Author: Philip Pullman
Genre: Young Adult Fantasy, Steampunk
Series: His Dark Materials Novella
(Spoilers for His Dark Materials are below).
Twenty-Four year old Lee Scoresby has recently won a hot-air balloon in a game of chance. Since then he's been sailing around the world working freelance. During this particular adventure, he ends up in Novy Odense, a town in the North that has an important election coming up. This election could determine how that town's politics will benefit the wealthy oil contractors that have been slowly discovering more oil and with it more power, and it could have detrimental effects with the local polar bear populations .
Taking place decades before the events in His Dark Materials, Once Upon A Time In The North is a Western of sorts ... one that just happens to be taking place in the arctic. There are new changes on the horizon, corrupt political institutions, desperate gun fights, and of course a hero who's willing to stand up to the man and try and to set things right.
As much as I like Lee Scoresby and Iorek Byrnison, a lot of their charm is lost without Lyra being there. This origin story explains how these two came to be friends, and also shows the early formations of each of their personalities. Pullman who's famous for his criticism of organized religion switches gears here and focuses on greedy large corporations and corrupt political institutions instead.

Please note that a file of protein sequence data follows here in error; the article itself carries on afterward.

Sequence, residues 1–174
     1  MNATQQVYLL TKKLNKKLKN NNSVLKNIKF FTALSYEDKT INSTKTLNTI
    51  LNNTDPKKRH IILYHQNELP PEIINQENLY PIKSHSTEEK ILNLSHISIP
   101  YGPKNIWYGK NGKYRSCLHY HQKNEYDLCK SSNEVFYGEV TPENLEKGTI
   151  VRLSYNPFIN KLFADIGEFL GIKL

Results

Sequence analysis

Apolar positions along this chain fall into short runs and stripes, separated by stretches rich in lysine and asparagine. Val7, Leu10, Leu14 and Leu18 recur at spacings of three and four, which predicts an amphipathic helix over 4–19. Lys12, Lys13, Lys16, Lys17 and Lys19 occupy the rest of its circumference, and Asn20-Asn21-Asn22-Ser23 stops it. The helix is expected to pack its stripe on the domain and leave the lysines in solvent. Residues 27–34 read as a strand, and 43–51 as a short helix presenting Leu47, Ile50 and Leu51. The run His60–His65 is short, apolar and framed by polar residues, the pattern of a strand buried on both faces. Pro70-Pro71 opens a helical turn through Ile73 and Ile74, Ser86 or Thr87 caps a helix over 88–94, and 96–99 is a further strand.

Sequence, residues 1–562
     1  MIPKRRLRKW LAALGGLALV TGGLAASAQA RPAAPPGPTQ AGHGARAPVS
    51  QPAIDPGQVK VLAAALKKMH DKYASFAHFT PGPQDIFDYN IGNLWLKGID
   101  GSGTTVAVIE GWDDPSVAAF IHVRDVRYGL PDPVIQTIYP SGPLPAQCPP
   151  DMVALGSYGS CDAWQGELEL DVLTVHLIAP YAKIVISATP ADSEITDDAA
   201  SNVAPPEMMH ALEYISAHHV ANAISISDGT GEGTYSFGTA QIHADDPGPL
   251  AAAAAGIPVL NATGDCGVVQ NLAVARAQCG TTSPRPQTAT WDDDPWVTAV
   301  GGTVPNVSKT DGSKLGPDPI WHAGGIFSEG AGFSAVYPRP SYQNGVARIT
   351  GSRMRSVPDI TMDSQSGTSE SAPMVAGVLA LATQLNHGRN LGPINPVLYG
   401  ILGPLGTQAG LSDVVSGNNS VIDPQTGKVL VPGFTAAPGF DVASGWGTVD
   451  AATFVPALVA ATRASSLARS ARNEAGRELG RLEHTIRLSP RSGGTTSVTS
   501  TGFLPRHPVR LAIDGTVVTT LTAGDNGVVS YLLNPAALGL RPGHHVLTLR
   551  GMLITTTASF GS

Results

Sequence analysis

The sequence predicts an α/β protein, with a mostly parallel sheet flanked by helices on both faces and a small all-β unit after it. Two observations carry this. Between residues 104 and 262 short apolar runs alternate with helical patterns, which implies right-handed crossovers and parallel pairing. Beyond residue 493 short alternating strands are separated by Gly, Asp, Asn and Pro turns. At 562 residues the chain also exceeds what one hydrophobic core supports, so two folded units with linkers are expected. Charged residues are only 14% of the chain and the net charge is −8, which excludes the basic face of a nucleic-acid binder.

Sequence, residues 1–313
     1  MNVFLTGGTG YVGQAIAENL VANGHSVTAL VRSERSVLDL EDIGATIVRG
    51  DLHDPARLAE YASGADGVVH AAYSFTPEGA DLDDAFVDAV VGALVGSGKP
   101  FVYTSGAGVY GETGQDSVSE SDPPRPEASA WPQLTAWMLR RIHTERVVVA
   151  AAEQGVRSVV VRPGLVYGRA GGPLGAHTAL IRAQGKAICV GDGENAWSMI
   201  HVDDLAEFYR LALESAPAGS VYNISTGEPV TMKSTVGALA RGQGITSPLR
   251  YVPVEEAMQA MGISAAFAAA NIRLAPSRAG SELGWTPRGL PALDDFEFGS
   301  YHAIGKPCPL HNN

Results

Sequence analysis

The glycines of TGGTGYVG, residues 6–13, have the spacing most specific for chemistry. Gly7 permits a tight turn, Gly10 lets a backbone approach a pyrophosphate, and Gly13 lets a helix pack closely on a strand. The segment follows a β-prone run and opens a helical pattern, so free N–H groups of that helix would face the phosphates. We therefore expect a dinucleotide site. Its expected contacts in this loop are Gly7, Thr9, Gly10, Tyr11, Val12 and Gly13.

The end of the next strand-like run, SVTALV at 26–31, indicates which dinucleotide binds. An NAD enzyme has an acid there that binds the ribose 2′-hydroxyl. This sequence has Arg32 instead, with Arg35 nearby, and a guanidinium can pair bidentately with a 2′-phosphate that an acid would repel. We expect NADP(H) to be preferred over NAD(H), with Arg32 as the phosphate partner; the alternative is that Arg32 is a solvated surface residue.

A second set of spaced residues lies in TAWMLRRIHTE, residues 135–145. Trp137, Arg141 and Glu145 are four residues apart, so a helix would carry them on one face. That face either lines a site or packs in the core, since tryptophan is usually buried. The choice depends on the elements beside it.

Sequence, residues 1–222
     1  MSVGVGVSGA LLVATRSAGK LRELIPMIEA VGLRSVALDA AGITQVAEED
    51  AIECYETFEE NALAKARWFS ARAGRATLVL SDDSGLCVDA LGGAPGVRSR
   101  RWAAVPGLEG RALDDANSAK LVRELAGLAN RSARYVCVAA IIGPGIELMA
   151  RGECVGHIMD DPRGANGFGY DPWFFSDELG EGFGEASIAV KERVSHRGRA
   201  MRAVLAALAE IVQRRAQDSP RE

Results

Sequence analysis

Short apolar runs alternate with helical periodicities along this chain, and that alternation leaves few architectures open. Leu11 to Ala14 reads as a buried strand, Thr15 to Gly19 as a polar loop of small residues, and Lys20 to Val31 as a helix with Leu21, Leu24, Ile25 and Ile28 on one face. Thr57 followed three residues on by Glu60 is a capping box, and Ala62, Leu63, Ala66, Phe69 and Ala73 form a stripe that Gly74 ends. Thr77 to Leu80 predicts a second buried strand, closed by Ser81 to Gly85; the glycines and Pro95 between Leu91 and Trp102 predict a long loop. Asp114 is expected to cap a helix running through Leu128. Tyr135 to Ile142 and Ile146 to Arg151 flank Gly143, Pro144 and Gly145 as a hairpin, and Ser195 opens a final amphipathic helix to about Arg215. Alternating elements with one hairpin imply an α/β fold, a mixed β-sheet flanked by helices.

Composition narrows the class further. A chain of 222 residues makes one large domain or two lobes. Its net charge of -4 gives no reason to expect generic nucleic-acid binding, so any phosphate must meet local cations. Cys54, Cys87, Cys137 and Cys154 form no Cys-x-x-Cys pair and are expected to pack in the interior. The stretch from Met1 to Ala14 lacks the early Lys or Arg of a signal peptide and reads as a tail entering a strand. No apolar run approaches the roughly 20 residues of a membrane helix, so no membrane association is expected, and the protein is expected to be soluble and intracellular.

Like Lyra's Oxford, there are a lot of drawings and other visual works interspersed throughout the writing, all of which enhance the reading experience. However, this story is priced at what you would normally pay for a full length novel. I can't help but note the irony of paying for an overpriced story that's critical of greedy corporations.
At the end there are a few more lantern slides, which Pullman uses to give short glimpses of what other characters in The Dark Materials universe are currently up to. Of note in these slides we learn what Lyra is going to study at Oxford and we also see a letter she writes to Malcolm Polstead.
Once Upon A Time In The North is a fun short story to say the least, but there's nothing groundbreaking, at least not in the sense that Pullman is known for. At the end we are left with a fun short story that doesn't get too much deeper than that.